Yamaha FZR400RR, Suzuki GSX-R400R and Honda NC35, all scream their cre­den­tials

Practical Sportsbikes (UK) - - Contents - Words: Si­mon Har­g­reaves

Re­mem­ber the glory days of the 1990s 400cc Grey Im­port ex­ot­ica boom, with per­fectly formed chas­sis and scream­ing, sky-high red­lines? PS spends qual­ity time with Yamaha’s FZR400RR, Suzuki’s GSX-R400R and Honda’s RVF400 to find out how these 20-year-old mini-marvels stand up to­day

It’s as if edi­tor Jim has planned it. Half an hour ago we sat shiv­er­ing on a moor in the Peak Dis­trict, brown hill­sides still splashed with the milky rem­nants of win­ter snow­drifts like an em­bar­rass­ing ac­ci­dent over a Christ­mas pud­ding. Jim was hold­ing forth on the mad­ness of buy­ing a mod­ern sports 400 par­al­lel twin in­stead of a clas­sic 1990s Ja­panese 400.

“You’d want your head test­ing,” he said, shak­ing his. “Why look at a mod­ern 400? Not only are these bet­ter, at around the same price, but they’ll make money,” he con­tin­ues, wav­ing a frost-bit­ten hand at the cute 1996 Honda RVF400, im­mac­u­late 1996 Yamaha FZR400RR, and hon­est 1990 Suzuki GSX-R400 dec­o­rat­ing a Der­byshire back road. “It’s win-win in ev­ery re­spect. By what mea­sure is a new bike bet­ter?”

Thirty min­utes later we’ve stopped for a bite to eat in sun­nier Mat­lock Bath, emerg­ing from the chippy to find two youth­ful bik­ers ask­ing the ex­act same ques­tion.we run through the specs with them: all mak­ing around mid-50bhp, laser han­dling, zil­lions of revs.we ex­plain how 1990s 400s were when the man­u­fac­tur­ers were at the top of their game, bat­tling to build the sex­i­est ma­chines they pos­si­bly could, born of pas­sion and en­gi­neer­ing ex­cel­lence and not an ac­coun­tant’s spread­sheet. It was a dif­fer­ent time, and we can see that ethos in the build qual­ity, pre­pon­der­ance of alu­minium and thick paint, metic­u­lous high-per­for­mance en­gi­neer­ing and race-spec chas­sis com­po­nents of the RVF, FZR and GSX-R.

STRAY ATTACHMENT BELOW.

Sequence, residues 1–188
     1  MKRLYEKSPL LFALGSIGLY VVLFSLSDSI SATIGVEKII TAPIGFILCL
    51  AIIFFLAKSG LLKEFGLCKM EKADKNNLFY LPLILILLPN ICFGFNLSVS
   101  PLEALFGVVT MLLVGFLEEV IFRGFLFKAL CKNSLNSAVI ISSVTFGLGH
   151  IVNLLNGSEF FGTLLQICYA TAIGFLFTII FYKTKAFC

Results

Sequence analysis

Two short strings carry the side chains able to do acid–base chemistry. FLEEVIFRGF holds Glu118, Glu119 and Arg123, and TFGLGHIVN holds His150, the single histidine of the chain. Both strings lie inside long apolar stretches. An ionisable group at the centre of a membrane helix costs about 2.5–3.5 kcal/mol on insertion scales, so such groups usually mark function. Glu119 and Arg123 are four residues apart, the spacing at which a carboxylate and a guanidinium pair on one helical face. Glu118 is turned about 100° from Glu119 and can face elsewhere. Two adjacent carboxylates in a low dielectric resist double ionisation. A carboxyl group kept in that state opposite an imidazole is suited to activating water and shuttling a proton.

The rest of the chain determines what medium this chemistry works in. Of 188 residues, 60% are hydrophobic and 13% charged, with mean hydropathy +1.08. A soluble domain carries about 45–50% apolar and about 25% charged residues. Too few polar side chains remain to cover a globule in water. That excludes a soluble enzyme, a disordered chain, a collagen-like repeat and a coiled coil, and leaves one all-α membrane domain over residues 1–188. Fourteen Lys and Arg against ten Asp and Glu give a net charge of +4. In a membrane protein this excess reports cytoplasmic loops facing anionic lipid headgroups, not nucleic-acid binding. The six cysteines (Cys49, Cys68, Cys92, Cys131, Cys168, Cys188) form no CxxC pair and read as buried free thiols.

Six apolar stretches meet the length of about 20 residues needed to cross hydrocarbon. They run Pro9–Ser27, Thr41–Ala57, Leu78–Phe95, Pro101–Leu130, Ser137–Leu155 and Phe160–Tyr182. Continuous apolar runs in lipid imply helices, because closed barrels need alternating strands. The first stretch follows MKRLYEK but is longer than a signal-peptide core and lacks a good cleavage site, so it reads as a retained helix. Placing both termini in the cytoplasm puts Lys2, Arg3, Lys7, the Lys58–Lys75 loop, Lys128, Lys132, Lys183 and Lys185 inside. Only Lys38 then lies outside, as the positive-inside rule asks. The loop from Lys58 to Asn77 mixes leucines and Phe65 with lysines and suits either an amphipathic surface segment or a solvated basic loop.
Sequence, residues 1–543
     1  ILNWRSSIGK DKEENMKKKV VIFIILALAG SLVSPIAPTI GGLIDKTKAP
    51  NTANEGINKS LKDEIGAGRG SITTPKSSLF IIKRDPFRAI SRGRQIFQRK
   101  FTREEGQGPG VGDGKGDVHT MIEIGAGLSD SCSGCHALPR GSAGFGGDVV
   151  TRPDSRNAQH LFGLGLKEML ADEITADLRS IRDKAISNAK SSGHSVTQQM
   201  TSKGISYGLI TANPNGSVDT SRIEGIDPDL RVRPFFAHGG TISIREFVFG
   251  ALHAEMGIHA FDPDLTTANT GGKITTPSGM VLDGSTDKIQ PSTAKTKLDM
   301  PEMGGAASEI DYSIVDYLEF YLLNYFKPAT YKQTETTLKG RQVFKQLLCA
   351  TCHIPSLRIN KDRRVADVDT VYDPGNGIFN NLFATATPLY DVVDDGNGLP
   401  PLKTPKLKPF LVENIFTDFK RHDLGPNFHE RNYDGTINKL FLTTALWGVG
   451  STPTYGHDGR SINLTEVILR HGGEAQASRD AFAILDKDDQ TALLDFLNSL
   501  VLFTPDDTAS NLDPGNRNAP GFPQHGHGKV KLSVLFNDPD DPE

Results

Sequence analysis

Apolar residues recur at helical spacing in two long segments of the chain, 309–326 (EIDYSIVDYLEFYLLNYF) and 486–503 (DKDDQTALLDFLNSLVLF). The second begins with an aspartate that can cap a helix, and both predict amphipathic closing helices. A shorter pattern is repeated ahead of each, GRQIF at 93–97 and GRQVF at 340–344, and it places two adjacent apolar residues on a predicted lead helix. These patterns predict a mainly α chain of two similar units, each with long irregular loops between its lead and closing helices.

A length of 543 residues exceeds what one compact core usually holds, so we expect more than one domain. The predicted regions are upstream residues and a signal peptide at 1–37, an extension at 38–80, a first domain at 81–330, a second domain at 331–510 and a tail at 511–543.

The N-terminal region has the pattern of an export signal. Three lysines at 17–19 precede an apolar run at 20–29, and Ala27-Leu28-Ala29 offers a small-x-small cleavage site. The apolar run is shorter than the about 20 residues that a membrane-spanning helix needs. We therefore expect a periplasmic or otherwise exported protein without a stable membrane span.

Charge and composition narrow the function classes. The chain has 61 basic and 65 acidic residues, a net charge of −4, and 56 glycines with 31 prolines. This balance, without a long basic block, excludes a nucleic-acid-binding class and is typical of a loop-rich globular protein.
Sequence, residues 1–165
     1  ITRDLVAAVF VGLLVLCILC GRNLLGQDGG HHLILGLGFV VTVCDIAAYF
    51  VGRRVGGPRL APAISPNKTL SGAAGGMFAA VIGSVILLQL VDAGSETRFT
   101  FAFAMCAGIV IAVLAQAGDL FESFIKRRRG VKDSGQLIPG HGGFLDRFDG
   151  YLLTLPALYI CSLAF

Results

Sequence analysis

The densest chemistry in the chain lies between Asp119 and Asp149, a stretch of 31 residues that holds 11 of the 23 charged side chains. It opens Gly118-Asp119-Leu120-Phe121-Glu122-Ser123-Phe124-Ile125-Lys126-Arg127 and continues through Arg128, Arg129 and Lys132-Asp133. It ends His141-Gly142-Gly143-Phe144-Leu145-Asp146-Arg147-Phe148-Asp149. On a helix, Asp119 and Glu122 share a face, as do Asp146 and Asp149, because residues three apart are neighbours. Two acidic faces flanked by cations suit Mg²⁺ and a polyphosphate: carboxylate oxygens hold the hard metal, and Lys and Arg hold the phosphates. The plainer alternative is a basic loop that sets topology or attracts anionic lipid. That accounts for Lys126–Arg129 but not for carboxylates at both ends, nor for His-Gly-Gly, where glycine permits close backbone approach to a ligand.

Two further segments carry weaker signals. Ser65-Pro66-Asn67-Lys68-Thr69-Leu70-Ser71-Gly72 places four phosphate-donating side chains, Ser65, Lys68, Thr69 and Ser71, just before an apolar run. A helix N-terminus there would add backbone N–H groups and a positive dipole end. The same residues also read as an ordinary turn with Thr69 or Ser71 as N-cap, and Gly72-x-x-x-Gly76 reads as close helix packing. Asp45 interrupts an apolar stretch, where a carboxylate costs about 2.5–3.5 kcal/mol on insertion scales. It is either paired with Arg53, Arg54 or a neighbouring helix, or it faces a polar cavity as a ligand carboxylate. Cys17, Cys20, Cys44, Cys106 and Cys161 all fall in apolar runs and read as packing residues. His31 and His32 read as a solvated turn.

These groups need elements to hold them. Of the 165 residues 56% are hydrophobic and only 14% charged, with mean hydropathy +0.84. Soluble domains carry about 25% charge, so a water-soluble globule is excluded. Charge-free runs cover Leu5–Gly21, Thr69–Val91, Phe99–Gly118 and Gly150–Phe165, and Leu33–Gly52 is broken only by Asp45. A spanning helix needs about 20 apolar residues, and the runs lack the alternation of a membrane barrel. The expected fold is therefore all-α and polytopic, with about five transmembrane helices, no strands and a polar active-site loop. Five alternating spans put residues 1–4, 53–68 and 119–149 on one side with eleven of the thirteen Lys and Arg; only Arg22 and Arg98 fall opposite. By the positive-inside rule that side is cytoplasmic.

“So what are they like to ride?” asks one of the lads. well, well, well, funny you should say that...

1996 YAMAHA FZR400RR 3TJ1

Back on the moors, ear­lier in the day, and I’ve just re­turned from a scream­ing rein­tro­duc­tion to the FZR400RR. Last time I rode one was the small mat­ter of 24 years ago, in 1994 – but it was a mem­o­rable trip; 1800 miles to the Bol d’or at Paul Ri­card and back again. Rid­ing a highly strung sports 400 that far tends to leave an im­pres­sion, usu­ally in the wrists, neck, lower back and psy­che.

To­day, a quar­ter of a cen­tury down the road, the same breed of diminu­tive blood red and ice white jewel flashes across the Peak Dis­trict’s mono­chrome scenery de­liv­er­ing a multi-coloured tonic to the win­ter’s hang­over, its minia­turised 16-valve in­line four whizzing away at over 11,000rpm in a high-pitched siren call that has star­tled sheep, now scat­ter­ing in ev­ery di­rec­tion across the fields.

This is an im­mac­u­late, 1998-reg­is­tered 3TJ1 FZR400RR (prob­a­bly a 1996-im­port), on sale attwowheel Cen­tre in Mans­field for £3150. It’s in re­mark­able con­di­tion; the only con­ces­sions to time are a cou­ple of swapped-out pur­ple fair­ing bolts, EBC brake discs and the red screen – the bike is so de­li­ciously clean even edi­tor Jim, usu­ally al­ler­gic to colour-tinted screens and pur­ple bolts, doesn’t com­plain.